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This has been bugging me for a while now, since the introduction of HTML5:

In some of our designs the page header is actually the title of the article you're viewing, which leads to a missing header in the outline (since the h1 is within the article, not directly a child of the body).

What would be a good practice for countering this?

I'm not a big fan of simply dumping in a hidden h1 in the body, as it's not the best idea for page-ranking for example.

I know that ideally the design would take these kind of things into account, but sometimes (as a developer) it's not your choice to make.

Example mark-up: http://codepen.io/TheDutchCoder/pen/DuKok

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an example is needed haha –  PlantTheIdea Oct 10 '13 at 18:26
    
Here you go, it's a really quick example, but it'll do: codepen.io/TheDutchCoder/pen/DuKok –  Reinier Kaper Oct 10 '13 at 18:31
    
Ok, I can see your point better now. Could you also illustrate what outline you would like to achieve? You can use these as a starting point. –  rvidal Nov 6 '13 at 21:27
    
The third outline you have would be the best match in this case, at least that makes the most sense. The second one is certainly out (it misses a heading). The first one is undesirable, but at least it has a valid outline. –  Reinier Kaper Nov 7 '13 at 14:28

1 Answer 1

From the HTML draft:

When the main content of the page (i.e. excluding footers, headers, navigation blocks, and sidebars) is all one single self-contained composition, the content should be marked up with a main element and the content may also be marked with an article, but it is technically redundant in this case (since it's self-evident that the page is a single composition, as it is a single document).

According to this, you should drop the article container and go only with main.

Update (8-Nov-2013)

Well, I understand that having untitled sections is unappealing, but for the time being (HTML master draft, November 2013) there is no escape: <body> elements are sectioning roots that always start a section and are displayed in the outline. An outline such as:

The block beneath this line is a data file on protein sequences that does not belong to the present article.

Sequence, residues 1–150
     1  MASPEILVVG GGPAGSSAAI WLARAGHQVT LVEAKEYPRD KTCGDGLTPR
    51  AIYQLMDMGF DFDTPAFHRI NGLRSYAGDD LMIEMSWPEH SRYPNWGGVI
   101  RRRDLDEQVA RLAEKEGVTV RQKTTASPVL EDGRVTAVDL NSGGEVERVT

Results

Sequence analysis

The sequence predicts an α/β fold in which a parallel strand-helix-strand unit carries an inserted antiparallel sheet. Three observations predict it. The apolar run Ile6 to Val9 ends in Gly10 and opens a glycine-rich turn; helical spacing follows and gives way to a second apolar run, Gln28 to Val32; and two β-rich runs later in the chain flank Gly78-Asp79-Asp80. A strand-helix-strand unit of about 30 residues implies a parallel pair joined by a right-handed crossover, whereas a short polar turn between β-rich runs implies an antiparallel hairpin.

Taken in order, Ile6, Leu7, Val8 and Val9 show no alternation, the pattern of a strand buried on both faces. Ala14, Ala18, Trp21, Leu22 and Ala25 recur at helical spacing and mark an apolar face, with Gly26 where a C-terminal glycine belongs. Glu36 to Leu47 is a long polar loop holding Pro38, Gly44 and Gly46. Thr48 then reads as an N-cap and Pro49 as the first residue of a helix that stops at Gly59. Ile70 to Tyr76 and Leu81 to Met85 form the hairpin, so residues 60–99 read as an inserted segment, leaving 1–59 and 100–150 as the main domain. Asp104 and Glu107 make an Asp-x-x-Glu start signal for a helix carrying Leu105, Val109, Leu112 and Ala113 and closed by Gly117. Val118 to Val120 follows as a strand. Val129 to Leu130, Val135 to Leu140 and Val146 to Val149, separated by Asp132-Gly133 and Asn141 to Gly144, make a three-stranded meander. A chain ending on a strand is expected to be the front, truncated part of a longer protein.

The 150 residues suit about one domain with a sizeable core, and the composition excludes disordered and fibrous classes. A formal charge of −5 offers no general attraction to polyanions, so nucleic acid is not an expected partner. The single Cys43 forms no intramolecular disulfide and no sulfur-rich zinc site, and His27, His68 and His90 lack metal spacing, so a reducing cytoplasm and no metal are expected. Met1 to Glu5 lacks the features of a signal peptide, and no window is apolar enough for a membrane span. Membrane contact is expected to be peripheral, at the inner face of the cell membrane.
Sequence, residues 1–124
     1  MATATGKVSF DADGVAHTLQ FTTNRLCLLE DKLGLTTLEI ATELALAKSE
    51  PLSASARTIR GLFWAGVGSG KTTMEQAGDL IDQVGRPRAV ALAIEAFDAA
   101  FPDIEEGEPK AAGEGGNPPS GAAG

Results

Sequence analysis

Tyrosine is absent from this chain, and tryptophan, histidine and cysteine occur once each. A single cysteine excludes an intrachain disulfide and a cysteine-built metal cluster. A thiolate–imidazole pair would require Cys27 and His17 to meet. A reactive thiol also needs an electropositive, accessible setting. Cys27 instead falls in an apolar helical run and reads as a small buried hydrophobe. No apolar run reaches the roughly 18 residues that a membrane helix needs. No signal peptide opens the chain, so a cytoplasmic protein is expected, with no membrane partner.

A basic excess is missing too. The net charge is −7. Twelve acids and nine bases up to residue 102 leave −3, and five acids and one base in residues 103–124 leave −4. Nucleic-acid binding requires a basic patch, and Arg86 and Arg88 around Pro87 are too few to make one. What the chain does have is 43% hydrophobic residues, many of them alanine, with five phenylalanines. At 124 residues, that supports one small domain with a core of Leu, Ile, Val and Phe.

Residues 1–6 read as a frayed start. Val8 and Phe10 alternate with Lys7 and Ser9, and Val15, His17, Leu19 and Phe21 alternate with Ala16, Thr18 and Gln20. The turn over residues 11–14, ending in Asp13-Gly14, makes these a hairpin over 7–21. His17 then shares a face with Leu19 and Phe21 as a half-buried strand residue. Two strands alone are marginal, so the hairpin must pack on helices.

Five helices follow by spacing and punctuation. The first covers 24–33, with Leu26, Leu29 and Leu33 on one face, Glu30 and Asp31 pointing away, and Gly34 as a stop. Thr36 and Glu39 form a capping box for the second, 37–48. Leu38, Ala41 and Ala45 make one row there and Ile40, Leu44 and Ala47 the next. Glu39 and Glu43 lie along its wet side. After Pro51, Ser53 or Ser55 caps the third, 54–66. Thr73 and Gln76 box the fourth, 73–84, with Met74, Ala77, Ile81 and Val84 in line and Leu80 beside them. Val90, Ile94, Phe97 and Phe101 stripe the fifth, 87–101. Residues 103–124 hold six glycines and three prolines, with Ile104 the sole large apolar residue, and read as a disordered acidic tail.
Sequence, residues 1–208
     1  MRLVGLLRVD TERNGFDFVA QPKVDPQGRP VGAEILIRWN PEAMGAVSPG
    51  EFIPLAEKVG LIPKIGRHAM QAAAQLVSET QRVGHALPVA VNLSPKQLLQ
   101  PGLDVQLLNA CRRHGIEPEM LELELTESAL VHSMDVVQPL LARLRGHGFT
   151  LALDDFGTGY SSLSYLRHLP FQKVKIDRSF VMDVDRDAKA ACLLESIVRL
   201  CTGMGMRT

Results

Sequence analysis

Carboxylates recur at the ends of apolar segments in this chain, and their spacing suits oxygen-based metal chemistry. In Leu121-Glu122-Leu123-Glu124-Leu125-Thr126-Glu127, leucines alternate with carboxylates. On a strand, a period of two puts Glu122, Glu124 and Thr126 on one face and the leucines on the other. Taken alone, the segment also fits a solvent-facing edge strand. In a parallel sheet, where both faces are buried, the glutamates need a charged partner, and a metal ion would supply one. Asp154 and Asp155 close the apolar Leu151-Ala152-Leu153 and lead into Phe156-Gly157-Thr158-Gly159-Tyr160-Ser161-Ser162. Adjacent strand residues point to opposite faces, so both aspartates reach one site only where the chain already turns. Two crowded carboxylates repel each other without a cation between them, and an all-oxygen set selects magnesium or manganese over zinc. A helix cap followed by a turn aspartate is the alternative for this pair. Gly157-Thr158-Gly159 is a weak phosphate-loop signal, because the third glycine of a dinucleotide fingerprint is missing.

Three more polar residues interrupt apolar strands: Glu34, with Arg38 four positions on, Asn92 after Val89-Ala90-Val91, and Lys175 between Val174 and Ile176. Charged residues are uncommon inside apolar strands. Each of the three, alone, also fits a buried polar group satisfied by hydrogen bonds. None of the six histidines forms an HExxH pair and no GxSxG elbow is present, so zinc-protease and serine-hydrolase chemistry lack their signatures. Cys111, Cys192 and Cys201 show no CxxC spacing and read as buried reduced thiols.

The main article title
  └── Related articles
Latest News
Latest Blog Posts

is simply not possible with the current outline algorithm in an HTML5 compliant way (you would need to add siblings to the <body>).

Since you were considering a suggestion to the W3C, here is an idea: perhaps the outline of a document should default to <title>.

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This makes sense up to a certain point. It becomes complicated when you have aside elements that relate to the main content and aside elements that relate to the page in general. For example: body > aside | main > aside and | article > aside all bear a different relationship. Although I'm not sure about the implied relationship between main and aside, it still poses a practical problem. –  Reinier Kaper Nov 2 '13 at 23:25
    
To clarify: dropping all articles and sections for a main element might be a solution in a very simple document structure, but in a typical website with lots of related content in sidebars I don't see this as being a good solution. I don't like the implied sectioning in HTML5, it forces things that might not "be there" in some cases. –  Reinier Kaper Nov 2 '13 at 23:28
    
I'm not sure I understand your concerns. Could you add to the question a few explicit examples of page structure you'd want to discuss? –  rvidal Nov 3 '13 at 0:17
    
I've updated the Codepen link to reflect what I'm talking about. This is a very basic set-up, but a valid use-cases. Basically it's a page that needs a title (the issue), it has related content (the asides "Latest News" and "Latest Blog Posts"). Then it shows one article (which ideally is our page title, but the implied section of article prevents that), which also has related content (the aside "Related articles"). Since the "main" element isn't sectioning content, you'd end up with all of the asides bearing the same "weight", which is not correct (they don't all relate to the main content) –  Reinier Kaper Nov 6 '13 at 20:01

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